Service-learning is a form of experiential learning that allows students to combine knowledge acquired in the classroom with community-level experiences. In medical education, service-learning provides medical students the opportunity to apply clinical knowledge to health-related experiences within communities in an effort to prepare them to address the health needs of communities after they graduate. Research shows that without service-learning opportunities, some medical students may lack a level of compassion and empathy that is necessary to treat medically underserved patients.
A secondary data analysis was conducted using 4th-year medical students’ survey responses on the Association of American Medical Colleges Graduation Questionnaire (GQ) tool from graduation years 2015 to 2018. The goal of this study was to determine the relationship between participation in community-level service-learning activities and a career plan to practice in underserved areas after graduation among 4th-year medical students. Additionally, the study sought to determine whether age, race/ethnicity, gender, and medical school regional location were factors that could predict a 4th-year medical student’s career intention to work in underserved areas.
The analysis of 61,708 4th-year medical student responses to the Association of American Medical Colleges Graduation Questionnaire (GQ) tool revealed a significant difference in the level of participation in four specific community-level service-learning experiences and a career plan (yes, no, undecided) to practice in underserved areas among 4th-year medical students. The four experiences included a health education experience; health disparities experience; community-based research project experience; and free clinic, underserved population experience. Medical students who indicated a career plan to work in underserved areas had, on average, 2.75 service-learning experiences compared to those who did not indicate a career plan or were undecided (2.11 and 2.41 respectively). The numeric ranking from the highest number of community-level service-learning experiences (2.75) to the lowest number of community-level service-learning experiences (2.11) suggests that the more community-level service-learning experiences a medical student had, the greater the likelihood that he or she indicated a career plan to practice in an underserved area postgraduation.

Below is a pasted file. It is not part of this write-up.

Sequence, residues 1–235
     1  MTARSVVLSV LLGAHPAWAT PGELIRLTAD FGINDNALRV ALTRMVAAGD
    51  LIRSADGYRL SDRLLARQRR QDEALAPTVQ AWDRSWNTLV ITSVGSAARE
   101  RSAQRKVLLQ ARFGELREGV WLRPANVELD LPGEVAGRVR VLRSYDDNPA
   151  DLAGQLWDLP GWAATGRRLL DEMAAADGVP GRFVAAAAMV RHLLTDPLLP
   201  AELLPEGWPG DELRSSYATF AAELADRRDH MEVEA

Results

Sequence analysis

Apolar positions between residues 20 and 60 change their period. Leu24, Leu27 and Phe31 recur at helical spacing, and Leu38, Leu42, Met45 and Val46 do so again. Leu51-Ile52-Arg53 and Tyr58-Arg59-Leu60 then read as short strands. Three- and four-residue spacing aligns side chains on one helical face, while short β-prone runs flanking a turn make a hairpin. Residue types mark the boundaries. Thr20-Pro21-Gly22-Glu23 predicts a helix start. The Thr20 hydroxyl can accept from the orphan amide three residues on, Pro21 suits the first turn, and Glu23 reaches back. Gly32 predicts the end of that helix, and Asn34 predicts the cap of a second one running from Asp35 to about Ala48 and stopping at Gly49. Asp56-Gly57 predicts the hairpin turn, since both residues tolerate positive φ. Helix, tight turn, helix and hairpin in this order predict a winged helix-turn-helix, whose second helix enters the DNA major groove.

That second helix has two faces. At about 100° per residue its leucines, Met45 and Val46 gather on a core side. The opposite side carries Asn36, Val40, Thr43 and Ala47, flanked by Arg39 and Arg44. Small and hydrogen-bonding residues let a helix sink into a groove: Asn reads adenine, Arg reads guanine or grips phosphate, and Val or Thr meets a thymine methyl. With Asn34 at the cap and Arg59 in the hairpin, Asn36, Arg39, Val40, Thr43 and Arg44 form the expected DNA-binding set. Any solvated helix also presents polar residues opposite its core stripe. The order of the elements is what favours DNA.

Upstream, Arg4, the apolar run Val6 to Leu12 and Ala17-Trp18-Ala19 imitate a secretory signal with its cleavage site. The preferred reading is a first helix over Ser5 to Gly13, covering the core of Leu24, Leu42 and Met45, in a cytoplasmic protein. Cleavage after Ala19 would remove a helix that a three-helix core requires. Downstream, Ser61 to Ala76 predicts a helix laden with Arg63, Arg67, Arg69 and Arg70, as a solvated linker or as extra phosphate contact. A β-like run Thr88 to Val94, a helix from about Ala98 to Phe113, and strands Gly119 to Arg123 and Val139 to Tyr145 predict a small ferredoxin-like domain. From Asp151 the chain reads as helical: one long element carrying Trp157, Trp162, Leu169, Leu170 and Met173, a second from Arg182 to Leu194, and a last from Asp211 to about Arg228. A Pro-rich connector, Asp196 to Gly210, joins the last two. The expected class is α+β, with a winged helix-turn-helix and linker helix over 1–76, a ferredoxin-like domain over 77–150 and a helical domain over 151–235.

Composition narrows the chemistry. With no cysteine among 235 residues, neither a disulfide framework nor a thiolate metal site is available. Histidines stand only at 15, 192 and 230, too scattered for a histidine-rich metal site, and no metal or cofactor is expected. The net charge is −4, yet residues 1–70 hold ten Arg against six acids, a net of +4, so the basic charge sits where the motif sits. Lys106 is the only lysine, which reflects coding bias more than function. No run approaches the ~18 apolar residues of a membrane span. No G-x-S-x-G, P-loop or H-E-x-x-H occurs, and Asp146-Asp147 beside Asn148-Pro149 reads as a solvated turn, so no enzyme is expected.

The findings of this study also provide statistical evidence that there is a weak, but significant correlation between each demographic factor of age, race/ethnicity, gender, school region location, and the plan to practice in underserved areas. When these factors were examined along with level of participation in service-learning experiences, all were significant predictors of the decision to practice in underserved areas. While the factors of age, race/ethnicity, gender, school region location, and participation in community-level service-learning only accounted for a small percentage of the total decision of a 4th-year medical student to practice in an underserved area, the proportion of the students’ decision explained by this model is significant.
These results provide useful information to assist medical school administrators to support offering service-learning opportunities during medical school as viable a strategy to increase the number of medical school graduates who make the choice to practice in underserved communities after graduation.
|Commitee:||Dallas, Bryan, Collins, Prisca|
|School:||Northern Illinois University|
|Department:||Interdisciplinary Health Professions|
|School Location:||United States -- Illinois|
|Source:||DAI-A 81/7(E), Dissertation Abstracts International|
|Subjects:||Health education, Educational sociology|
|Keywords:||Community service, Experiential learning, Medical education, Medically underserved, Service-learning|
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